Award Date


Degree Type


Degree Name

Doctor of Philosophy (PhD)


Electrical and Computer Engineering

First Committee Member

Mei Yang

Second Committee Member

Yingtao Jiang

Third Committee Member

Emma Regentova

Fourth Committee Member

Mo Weng

Number of Pages



Hyper-dimensional images are informative and become increasingly common in biomedical research. However, the machine learning methods of studying and processing the hyper-dimensional images are underdeveloped. Most of the methods only model the mapping functions between input and output by focusing on the spatial relationship, whereas neglect the temporal and causal relationships. In many cases, the spatial, temporal, and causal relationships are correlated and become a relationship complex. Therefore, only modeling the spatial relationship may result in inaccurate mapping function modeling and lead to undesired output. Despite the importance, there are multiple challenges on modeling the relationship complex, including the model complexity and the data availability. The objective of this dissertation is to comprehensively study the mapping function modeling of the spatial-temporal and the spatial-temporal-causal relationship in hyper-dimensional data with deep learning approaches. The modeling methods are expected to accurately capture the complex relationships in class-level and object-level so that new image processing tools can be developed based on the methods to study the relationships between targets in hyper-dimensional data. In this dissertation, four different cases of relationship complex are studied, including the class-level spatial-temporal-causal relationship and spatial-temporal relationship modeling, and the object-level spatial-temporal-causal relationship and spatial-temporal relationship modeling. The modelings are achieved by deep learning networks that implicitly model the mapping functions with network weight matrix. For spatial-temporal relationship, because the cause factor information is unavailable, discriminative modeling that only relies on available information is studied. For class-level and object-level spatial-temporal-causal relationship, generative modeling is studied with a new deep learning network and three new tools proposed. For spatial-temporal relationship modeling, a state-of-the-art segmentation network has been found to be the best performer over 18 networks. Based on accurate segmentation, we study the object-level temporal dynamics and interactions through dynamics tracking. The multi-object portion tracking (MOPT) method allows object tracking in subcellular level and identifies object events, including object born, dead, split, and fusion. The tracking results is 2.96% higher on consistent tracking accuracy and 35.48% higher on event identification accuracy, compared with the existing state-of-the-art tracking methods. For spatial-temporal-causal relationship modeling, the proposed four-dimensional reslicing generative adversarial network (4DR-GAN) captures the complex relationships between the input and the target proteins. The experimental results on four groups of proteins demonstrate the efficacy of 4DR-GAN compared with the widely used Pix2Pix network. On protein localization prediction (PLP), the predicted localization from 4DR-GAN is more accurate in subcellular localization, temporal consistency, and dynamics. Based on efficient PLP, the digital activation (DA) and digital inactivation (DI) tools allow precise spatial and temporal control on global and local localization manipulation. They allow researchers to study the protein functions and causal relationships by observing the digital manipulation and PLP output response.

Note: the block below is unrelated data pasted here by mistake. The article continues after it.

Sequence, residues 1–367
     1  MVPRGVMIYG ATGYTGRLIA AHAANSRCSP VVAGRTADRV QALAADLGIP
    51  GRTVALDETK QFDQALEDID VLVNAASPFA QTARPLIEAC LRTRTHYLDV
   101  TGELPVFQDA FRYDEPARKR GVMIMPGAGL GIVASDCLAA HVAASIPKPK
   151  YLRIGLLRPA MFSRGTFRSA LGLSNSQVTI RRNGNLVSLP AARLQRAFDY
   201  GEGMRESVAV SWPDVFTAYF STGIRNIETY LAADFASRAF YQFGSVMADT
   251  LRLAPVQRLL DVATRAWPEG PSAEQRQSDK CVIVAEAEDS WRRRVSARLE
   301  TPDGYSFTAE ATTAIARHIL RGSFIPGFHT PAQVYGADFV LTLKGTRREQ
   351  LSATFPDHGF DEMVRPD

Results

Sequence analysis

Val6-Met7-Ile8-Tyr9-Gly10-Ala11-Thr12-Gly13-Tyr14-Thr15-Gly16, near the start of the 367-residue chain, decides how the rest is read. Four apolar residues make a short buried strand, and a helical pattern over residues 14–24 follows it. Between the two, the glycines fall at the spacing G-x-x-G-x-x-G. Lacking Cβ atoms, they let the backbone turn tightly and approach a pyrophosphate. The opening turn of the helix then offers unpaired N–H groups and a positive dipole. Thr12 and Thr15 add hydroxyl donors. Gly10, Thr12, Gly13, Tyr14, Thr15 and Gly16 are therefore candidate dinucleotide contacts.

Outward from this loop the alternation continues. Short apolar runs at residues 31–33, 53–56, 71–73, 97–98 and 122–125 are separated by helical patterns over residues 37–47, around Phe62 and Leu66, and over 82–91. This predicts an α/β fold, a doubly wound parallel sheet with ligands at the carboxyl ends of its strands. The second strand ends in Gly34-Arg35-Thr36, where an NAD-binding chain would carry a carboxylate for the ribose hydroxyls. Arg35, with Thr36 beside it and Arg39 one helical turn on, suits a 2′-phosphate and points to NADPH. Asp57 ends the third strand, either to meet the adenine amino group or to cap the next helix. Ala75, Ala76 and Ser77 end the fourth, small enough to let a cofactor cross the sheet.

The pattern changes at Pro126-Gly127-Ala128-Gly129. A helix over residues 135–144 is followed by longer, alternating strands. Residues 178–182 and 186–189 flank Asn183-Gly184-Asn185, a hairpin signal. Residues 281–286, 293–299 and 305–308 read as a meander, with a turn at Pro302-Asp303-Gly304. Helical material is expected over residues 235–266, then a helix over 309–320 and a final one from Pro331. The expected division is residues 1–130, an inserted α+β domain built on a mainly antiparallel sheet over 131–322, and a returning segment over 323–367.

bioinformatics; biological image processing; deep learning; hyper-dimensional; machine learning; object tracking


Communication | Computer Engineering | Electrical and Computer Engineering

File Format


File Size

10300 KB

Degree Grantor

University of Nevada, Las Vegas




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